'Stalin also had to have his laws approved by the court'

Retired Supreme Court justice slams Right's attempts to curb Supreme Court's power, compares Israel to former USSR.

Arutz Sheva Staff ,

Tova Strasberg-Cohen
Tova Strasberg-Cohen
Israeli courts

Former High Court Justice Tova Strasberg-Cohen slammed the national camp for wanting to change the Supreme Court, claiming that the Supreme Court's decisions reflect the fact that the majority of the judges' worldviews are leftist liberal.

In an interview with Kol Israel Radio, Strasberg-Cohen said, "The right is attempting to harm democracy. They want to appoint judges who understand their perspective, they want the judges to be a mini-Knesset, and think the Supreme Court should represent different political streams."

"It's true that the justice system is totalitarian. In communist Russia, Stalin had to get every new law approved by the court.

"This [idea of the right's] is an irregular way of doing things which harms democracy and is inappropriate for a democratic country. The Supreme Court is protecting human rights and Israel's democracy. You cannot run a democratic country without allowing criticism of the government.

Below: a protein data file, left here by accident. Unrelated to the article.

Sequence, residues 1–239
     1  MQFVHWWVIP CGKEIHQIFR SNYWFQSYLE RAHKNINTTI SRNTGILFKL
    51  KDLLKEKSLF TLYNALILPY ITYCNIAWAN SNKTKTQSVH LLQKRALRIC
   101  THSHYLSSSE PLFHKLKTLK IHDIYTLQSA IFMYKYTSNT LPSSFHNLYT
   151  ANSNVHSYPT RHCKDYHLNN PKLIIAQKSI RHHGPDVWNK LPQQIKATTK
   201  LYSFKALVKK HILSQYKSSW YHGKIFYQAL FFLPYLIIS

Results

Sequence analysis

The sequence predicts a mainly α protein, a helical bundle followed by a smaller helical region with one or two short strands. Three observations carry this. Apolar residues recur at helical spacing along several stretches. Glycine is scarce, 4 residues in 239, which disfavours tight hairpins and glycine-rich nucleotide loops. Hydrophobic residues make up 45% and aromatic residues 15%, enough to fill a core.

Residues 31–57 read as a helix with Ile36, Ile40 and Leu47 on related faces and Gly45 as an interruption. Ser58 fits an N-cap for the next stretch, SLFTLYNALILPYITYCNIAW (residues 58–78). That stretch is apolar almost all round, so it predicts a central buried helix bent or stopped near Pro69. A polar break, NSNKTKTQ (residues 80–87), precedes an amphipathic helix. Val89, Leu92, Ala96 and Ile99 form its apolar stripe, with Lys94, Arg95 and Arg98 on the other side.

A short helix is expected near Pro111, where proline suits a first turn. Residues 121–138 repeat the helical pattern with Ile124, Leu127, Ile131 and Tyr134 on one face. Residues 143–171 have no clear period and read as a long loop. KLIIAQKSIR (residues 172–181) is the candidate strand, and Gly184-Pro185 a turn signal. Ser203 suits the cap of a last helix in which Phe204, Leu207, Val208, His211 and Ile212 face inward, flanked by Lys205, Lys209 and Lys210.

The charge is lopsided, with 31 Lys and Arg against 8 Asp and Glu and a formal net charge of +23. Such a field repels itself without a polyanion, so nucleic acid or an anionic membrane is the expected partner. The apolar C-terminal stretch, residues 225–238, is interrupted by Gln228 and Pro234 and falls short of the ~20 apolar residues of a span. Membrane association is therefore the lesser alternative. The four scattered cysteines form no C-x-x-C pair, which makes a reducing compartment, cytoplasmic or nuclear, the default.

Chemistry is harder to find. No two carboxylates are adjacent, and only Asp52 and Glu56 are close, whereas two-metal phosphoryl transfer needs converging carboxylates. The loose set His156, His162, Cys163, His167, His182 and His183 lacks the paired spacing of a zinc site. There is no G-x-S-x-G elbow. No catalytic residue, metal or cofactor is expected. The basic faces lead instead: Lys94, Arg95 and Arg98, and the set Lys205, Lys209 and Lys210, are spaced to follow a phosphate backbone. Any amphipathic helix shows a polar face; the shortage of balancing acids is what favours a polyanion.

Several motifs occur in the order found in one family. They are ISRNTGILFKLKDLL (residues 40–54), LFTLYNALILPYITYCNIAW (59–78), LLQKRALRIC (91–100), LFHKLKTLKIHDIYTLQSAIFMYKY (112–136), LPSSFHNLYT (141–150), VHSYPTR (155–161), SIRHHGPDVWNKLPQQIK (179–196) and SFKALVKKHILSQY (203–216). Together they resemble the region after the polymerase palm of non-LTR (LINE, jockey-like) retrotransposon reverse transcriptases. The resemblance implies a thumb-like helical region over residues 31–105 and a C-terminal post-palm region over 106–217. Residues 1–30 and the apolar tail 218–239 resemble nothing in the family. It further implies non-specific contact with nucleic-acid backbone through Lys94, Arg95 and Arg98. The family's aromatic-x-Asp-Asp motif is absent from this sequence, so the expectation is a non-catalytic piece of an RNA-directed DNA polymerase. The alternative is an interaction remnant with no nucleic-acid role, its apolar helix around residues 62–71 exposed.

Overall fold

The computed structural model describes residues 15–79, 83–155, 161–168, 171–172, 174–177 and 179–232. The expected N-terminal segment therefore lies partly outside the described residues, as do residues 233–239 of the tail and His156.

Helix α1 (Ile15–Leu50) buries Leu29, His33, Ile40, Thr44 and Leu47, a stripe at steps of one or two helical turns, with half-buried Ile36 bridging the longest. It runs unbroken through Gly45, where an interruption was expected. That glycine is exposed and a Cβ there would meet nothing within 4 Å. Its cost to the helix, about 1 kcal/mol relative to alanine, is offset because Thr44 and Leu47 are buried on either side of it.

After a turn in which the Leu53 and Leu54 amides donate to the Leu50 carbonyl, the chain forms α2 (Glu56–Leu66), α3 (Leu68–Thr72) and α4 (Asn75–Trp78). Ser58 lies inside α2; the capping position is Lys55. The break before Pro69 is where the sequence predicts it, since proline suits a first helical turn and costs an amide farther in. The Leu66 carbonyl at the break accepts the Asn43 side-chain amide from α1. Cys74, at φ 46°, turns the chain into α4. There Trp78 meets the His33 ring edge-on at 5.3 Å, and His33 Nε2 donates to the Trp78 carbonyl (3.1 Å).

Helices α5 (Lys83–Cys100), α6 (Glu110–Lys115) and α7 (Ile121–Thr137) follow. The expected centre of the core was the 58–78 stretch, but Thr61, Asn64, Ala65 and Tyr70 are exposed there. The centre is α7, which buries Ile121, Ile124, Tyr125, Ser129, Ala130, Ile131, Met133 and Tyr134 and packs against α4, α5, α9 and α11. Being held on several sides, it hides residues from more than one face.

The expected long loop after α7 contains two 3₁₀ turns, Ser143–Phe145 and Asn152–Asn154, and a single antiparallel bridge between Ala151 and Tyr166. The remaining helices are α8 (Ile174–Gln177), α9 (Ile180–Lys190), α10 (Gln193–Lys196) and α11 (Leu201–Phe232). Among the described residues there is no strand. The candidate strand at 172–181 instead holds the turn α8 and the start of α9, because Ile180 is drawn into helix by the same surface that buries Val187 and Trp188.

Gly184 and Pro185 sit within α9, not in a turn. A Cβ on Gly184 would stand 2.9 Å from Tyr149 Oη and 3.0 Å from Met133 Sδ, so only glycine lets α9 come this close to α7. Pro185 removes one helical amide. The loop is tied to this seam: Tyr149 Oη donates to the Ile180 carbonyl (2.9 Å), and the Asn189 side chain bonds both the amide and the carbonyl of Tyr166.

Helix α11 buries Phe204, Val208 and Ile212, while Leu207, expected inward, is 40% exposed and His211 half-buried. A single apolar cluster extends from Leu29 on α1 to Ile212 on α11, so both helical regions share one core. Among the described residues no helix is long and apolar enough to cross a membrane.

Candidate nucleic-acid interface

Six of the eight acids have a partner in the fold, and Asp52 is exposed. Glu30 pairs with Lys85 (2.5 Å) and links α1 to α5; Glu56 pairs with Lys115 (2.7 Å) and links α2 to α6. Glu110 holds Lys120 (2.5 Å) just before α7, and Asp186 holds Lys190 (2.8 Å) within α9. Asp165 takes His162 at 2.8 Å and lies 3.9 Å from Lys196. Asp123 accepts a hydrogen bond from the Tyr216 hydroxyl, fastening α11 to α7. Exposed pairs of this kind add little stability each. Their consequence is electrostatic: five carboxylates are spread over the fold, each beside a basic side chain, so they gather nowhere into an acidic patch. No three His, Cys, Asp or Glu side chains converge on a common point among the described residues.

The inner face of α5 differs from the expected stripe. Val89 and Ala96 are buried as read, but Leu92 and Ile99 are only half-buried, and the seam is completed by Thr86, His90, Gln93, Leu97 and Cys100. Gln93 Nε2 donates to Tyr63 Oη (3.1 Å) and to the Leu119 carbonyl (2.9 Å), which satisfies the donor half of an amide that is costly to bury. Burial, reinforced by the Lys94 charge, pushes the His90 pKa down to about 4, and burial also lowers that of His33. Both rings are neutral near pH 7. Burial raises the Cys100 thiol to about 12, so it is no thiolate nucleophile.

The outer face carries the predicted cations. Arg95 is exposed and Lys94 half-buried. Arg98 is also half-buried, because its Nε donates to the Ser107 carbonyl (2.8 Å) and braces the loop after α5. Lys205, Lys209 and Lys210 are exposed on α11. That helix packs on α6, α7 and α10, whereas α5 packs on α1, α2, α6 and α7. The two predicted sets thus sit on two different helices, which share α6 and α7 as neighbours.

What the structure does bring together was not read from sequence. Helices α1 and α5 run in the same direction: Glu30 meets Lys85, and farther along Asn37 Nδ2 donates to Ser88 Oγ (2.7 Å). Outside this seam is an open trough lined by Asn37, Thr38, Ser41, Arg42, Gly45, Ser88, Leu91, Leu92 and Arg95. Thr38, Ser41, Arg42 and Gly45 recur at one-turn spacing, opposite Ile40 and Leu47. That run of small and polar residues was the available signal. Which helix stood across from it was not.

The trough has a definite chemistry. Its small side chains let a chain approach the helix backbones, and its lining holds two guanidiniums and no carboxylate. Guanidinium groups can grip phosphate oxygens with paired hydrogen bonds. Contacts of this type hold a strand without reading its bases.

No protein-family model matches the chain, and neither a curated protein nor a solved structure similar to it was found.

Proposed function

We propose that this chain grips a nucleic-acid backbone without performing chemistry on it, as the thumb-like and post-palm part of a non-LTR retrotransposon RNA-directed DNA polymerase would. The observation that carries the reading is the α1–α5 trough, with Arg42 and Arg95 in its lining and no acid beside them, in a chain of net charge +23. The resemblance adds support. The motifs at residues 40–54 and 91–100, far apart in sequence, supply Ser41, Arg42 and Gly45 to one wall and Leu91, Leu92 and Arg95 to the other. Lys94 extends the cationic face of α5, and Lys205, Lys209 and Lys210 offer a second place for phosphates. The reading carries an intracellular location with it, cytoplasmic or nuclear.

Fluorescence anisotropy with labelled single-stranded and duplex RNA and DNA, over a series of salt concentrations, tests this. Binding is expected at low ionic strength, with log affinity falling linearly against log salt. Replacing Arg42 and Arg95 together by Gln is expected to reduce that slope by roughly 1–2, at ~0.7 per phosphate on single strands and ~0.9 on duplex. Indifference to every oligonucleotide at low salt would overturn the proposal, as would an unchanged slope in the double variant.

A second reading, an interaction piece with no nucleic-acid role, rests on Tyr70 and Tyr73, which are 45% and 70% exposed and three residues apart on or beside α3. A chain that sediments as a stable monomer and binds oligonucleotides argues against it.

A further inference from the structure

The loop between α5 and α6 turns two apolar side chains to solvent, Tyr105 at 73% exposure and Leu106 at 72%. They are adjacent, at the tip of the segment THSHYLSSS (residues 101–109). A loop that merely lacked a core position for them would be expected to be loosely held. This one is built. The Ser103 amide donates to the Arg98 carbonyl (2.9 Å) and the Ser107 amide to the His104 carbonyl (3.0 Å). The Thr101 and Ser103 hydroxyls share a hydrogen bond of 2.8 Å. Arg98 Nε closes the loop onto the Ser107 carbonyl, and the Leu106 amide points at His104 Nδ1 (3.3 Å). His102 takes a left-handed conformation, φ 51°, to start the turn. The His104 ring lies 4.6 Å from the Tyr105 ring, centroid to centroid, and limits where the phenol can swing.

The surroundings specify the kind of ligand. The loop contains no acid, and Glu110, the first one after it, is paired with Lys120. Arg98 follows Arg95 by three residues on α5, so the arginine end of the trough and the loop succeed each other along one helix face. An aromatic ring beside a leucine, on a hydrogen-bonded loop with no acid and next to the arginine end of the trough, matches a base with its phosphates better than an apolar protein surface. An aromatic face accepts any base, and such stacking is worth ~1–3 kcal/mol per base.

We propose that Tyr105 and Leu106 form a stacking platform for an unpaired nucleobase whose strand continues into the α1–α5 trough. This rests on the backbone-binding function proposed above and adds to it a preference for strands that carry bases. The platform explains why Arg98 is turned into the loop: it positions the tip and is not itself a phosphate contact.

"I understand governments do not like to be criticized. In a democratic country, you cannot have a government which is not criticized by an objective body which checks, objectively, the government's actions.

"Such a government should never have been elected and should never have been anyone's choice. The government needs to be true to the country's values, founding laws, and its identification as a democratic country," she said..

Israel's Supreme Court is highly leftist and politicized, according to the Right, and tends to strike down any law which is not to their liking.

Justices have been chosen, up to now, by a committee where the presiding justices have the power to veto any candidate whose views differ from theirs and have done so time and time again, perhaps the most well known instance being that of Hebrew University Professor and Israel Prize Laureate [for legal research] Ruth Gavison.